Clinics applying for HITECH Act electronic health records incentive payments are getting a reminder about the importance of information security, says Robert Tennant of the Medical Group Management Association
The hospital that is treating Rep. Gabrielle Giffords, D-Ariz., and other victims of the Jan. 8 shooting incident in Tucson, Ariz., has fired three staff members for inappropriately accessing confidential medical records.
A New Hampshire radiology practice is notifying more than 230,000 patients that they may have been affected by a healthcare information breach incident involving hackers using a server to gain bandwidth to play a video game.
Geisinger Health System has notified about 3,000 patients about a breach incident in which a physician inappropriately e-mailed unencrypted health information from his work computer to his home computer.
Community hospitals must become more vigilant about information security, especially as they apply for federal electronic health records incentive payments, says Chuck Christian, CIO at Good Samaritan Hospital in Vincennes, Ind.
About 400,000 Puerto Ricans enrolled in the government's health insurance plan for the impoverished have potentially been affected by a breach incident involving unauthorized access to an Internet database.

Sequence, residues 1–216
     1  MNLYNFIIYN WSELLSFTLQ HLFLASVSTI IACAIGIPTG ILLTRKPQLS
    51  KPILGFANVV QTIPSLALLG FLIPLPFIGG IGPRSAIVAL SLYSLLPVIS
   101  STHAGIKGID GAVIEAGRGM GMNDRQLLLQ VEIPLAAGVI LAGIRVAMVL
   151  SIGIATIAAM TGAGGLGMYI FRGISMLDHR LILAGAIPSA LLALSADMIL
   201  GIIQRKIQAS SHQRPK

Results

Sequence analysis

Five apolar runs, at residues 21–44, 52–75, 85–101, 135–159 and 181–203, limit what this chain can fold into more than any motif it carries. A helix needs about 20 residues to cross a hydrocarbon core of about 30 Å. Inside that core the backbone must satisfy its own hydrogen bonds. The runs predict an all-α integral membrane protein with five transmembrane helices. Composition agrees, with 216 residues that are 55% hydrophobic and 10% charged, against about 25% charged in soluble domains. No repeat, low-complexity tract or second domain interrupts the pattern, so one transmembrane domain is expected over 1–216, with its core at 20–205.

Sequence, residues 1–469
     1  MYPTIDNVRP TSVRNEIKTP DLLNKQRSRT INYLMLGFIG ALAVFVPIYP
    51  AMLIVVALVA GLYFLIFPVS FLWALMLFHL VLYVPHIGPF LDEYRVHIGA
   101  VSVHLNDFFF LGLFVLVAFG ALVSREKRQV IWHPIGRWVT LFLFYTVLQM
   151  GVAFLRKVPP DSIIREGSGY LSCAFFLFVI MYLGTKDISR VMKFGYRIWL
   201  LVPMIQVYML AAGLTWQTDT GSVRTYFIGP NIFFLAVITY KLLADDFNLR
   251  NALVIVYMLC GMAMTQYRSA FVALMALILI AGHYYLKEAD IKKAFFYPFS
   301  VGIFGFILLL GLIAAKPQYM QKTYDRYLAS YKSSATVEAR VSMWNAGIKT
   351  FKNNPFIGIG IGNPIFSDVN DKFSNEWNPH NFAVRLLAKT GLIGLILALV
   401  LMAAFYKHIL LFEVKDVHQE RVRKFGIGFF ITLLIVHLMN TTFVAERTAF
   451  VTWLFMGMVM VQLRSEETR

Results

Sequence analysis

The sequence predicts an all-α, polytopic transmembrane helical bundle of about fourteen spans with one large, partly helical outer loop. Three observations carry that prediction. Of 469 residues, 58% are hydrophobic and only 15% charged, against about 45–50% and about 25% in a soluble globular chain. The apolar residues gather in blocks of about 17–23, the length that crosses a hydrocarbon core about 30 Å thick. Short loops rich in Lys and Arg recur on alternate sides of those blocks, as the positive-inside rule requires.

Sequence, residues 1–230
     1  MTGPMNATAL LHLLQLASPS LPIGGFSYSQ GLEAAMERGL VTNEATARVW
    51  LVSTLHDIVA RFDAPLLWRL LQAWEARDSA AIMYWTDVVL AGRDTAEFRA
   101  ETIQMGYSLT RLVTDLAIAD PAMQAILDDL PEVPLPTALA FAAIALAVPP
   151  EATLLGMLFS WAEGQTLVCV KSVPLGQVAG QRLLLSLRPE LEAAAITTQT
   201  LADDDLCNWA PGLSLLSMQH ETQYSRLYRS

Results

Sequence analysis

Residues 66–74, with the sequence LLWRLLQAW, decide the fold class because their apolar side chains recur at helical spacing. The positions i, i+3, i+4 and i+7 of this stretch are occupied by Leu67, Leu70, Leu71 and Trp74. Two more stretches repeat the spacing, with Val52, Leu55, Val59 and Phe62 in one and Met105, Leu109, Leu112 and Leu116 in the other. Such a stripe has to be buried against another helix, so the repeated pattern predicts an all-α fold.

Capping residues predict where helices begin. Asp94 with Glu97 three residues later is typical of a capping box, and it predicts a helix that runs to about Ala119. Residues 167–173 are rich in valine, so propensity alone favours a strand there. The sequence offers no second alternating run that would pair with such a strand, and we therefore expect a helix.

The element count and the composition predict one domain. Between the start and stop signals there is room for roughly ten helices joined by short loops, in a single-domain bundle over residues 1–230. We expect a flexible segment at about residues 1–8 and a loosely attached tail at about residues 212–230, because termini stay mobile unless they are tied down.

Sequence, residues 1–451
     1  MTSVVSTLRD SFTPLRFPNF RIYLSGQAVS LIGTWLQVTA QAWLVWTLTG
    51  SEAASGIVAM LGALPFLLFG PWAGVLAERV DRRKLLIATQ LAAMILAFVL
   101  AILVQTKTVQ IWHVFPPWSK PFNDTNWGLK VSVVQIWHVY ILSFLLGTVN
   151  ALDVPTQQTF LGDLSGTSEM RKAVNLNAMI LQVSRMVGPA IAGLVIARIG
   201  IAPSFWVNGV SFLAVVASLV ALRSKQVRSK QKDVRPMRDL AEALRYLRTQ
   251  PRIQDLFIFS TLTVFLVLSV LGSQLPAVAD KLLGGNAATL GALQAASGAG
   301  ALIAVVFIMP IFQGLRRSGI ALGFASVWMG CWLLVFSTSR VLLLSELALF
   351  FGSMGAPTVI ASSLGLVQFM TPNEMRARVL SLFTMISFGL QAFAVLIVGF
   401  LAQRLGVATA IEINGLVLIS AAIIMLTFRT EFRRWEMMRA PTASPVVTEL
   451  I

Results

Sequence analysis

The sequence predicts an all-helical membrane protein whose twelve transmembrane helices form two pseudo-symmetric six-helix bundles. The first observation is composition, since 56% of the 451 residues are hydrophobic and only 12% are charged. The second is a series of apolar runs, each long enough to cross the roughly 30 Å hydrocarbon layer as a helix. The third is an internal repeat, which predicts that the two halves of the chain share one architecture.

There was good news and bad news in the past month about the official federal tally of major health information breaches. While only six new incidents were added in the past month, one of those cases affected more than 280,000 individuals.
Staff training, aggressive breach prevention efforts and strong sanctions for violating policies are key to creating a corporate culture that values privacy and security, says Alan Dowling, the new CEO of the American Health Information Management Association.
The Department of Veterans Affairs has taken steps to help ensure thumb drives lacking encryption cannot be plugged into its computers. The move comes following the discovery of an unencrypted drive containing personal information on veterans.